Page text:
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{ 9 comments… read them below or add one }

emely September 15, 2013 at 10:13 pm

Thank you for your sharing. Looking forward to your more articles.

cloris1212 September 12, 2013 at 4:13 am

Merci beaucoup, je voudrais d’apprendre à mieux.

aberly365 May 20, 2013 at 1:37 am

Hi! Working with iPads is wonderful, I’m using Nearpod, has anyone heard about it?? You should definitely try it, it’s on the app store for free I’ve tried it and obtained amazing results.

brendapopular April 22, 2013 at 2:16 am

Clayn is right of course, the store app and content purchase functionality is at the core of the individualization of the devices, presumably by design. Cloud apps can work fine through a shared access device, but not downloaded digital purchases like music, books, apps, etc., in the present model these devices use.

Michelle September 25, 2012 at 9:36 am

Janet, how is your system doing lately? Your idea sounds awesome.

I’ve never been an Apple person, but we are planning to start using iPads at work for paperwork and service and sales presentations. We were thinking of doing a program where the techs and reps could buy the iPads from the company. So I am starting to look at ways to keep the company use and personal use of the iPad separate, maybe with mutliple accounts. However, there are some things we’d like to share between iPads for company use. For example, we take pictures of all the equipment we’ve installed. We currently all use digital cameras and upload them to one Google Picasa account. But with Apple, and the cloud syncing features, I wonder if all the business pictures from our 12 iPads can upload together (while remaining separate from the personal accounts’ pictures).

Melanie W. June 13, 2012 at 11:58 am

Hi! Working with iPads is wonderful, I’m using Nearpod, has anyone heard about it?? You should definitely try it, it’s on the app store for free :) I’ve tried it and obtained amazing results. leave you the link: http://www.nearpod.com

Janet June 6, 2012 at 4:06 pm

We are preparing a 1:1 deployment to be used in Math classes in September. We are trying to get out all the bugs now, at the end of this school year. We purchased 42 iPads, with 2 MacBook pro laptops and 2 charging carts (both 30 -device carts). We then downloaded something called Apple Configurator. With this handy little app, we can configure the devices vis-a-vis the class lists of individual teachers, assigning one laptop to multiple students. When the teacher starts the class, she goes into her class list from the MacBook, and each iPad is then configured to a kid in the class. Let’s say James’ iPad is in slot 5. He grabs his iPad, opens it up, his name is there on the Home Screen. He can configure it anyway he wants to personalize (something the kids absolutely LOVE LOVE to do with any of their devices, right?). Then he can do whatever is happening in that class. At the end of the period, he logs out, puts the iPad back in the slot. Next period, Susie comes along, the iPads have been configured for her class, and she uses the same iPad in slot 5, but it’s got her personalized data on it. Like I said we are working the bugs out now …but this is what we’re doing.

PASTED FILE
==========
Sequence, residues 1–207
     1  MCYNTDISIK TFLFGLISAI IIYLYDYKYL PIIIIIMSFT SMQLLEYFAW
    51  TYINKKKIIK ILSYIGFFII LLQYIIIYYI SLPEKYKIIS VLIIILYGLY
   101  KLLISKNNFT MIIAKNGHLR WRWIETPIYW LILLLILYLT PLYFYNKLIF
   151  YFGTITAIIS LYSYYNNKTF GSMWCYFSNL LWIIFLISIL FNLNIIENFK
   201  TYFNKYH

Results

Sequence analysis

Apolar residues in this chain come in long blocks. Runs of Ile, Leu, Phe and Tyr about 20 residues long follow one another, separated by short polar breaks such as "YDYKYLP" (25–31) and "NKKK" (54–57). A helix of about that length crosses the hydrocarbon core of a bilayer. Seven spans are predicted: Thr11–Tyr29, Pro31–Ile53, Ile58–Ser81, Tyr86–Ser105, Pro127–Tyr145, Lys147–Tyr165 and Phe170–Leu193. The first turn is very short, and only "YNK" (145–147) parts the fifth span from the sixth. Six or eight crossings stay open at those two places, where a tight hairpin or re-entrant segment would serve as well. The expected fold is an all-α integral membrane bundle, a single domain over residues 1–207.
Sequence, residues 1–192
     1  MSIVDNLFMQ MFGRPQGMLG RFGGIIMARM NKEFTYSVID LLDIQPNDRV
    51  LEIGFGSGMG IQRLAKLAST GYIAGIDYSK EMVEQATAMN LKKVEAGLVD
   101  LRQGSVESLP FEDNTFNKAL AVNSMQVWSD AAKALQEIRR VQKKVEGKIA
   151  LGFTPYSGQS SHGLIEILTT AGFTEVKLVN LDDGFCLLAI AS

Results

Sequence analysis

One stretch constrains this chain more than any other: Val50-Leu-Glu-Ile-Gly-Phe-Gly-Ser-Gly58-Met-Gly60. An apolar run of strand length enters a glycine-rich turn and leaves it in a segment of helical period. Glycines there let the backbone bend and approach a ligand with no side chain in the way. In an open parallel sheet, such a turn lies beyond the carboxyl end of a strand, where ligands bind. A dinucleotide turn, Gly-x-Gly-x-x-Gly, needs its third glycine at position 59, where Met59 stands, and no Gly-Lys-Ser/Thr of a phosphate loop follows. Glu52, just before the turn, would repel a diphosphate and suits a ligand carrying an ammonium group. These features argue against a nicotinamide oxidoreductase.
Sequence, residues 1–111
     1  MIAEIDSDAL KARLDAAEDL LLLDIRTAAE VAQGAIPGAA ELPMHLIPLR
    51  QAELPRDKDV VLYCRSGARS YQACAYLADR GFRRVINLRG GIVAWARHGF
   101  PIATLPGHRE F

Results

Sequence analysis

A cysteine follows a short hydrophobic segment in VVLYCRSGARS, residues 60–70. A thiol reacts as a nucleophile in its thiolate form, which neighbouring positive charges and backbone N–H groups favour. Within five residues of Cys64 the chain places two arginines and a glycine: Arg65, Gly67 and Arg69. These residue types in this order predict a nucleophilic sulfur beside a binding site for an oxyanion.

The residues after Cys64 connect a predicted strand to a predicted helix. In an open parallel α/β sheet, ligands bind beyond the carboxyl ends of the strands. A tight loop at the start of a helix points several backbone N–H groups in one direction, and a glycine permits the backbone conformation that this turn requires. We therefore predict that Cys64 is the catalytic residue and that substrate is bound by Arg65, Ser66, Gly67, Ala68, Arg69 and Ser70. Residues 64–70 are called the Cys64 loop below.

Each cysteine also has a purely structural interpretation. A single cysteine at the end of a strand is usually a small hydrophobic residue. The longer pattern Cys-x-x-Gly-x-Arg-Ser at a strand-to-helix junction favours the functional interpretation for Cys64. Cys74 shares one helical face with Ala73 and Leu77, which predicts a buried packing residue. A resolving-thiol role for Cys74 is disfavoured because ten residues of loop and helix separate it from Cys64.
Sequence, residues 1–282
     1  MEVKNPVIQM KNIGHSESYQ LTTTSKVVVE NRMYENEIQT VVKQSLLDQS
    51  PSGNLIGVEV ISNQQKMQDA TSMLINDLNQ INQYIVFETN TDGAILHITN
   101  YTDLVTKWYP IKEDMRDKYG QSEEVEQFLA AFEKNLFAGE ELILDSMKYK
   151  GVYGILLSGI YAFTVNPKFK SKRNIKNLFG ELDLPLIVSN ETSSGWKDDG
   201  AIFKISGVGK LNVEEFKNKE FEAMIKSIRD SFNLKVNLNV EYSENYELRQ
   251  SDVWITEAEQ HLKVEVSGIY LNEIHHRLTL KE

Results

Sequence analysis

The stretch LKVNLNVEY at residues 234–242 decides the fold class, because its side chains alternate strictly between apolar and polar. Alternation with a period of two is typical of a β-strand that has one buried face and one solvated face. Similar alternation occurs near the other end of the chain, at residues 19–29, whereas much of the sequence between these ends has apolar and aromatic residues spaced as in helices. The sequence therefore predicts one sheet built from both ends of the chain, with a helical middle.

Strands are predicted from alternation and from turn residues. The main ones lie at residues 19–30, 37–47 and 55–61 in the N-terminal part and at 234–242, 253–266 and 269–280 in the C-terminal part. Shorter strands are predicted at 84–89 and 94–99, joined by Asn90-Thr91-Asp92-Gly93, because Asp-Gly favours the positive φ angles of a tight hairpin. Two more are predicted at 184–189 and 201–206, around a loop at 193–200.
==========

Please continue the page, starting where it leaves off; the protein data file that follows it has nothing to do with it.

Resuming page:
K. Walsh June 4, 2012 at 6:58 am

Clayn is right of course, the store app and content purchase functionality is at the core of the individualization of the devices, presumably by design. Cloud apps can work fine through a shared access device, but not downloaded digital purchases like music, books, apps, etc., in the present model these devices use.

Clayn June 3, 2012 at 9:04 am

The most fundamental issue here isn’t necessarily logging in (though that is a HUGE issue.) It’s the method that these kinds of devices (iOS and Android) use to access and install new apps – the Store or Google Play. In order to “order” new apps, you have to log into an account, which then becomes the sole user for the device. For example, my iPhone is linked to my iTunes account; if my son wants to use my phone and install a new game on it, he has to use my account. I am not necessarily against this (I think of all the games that have freemium games that can rack up $1000s in in-game purchases….;), but when you think about sharing a device like this, someone has to either create a new online identity to manage the iTunes/Google Play account, or someone is opening themselves to a serious level of possible liability.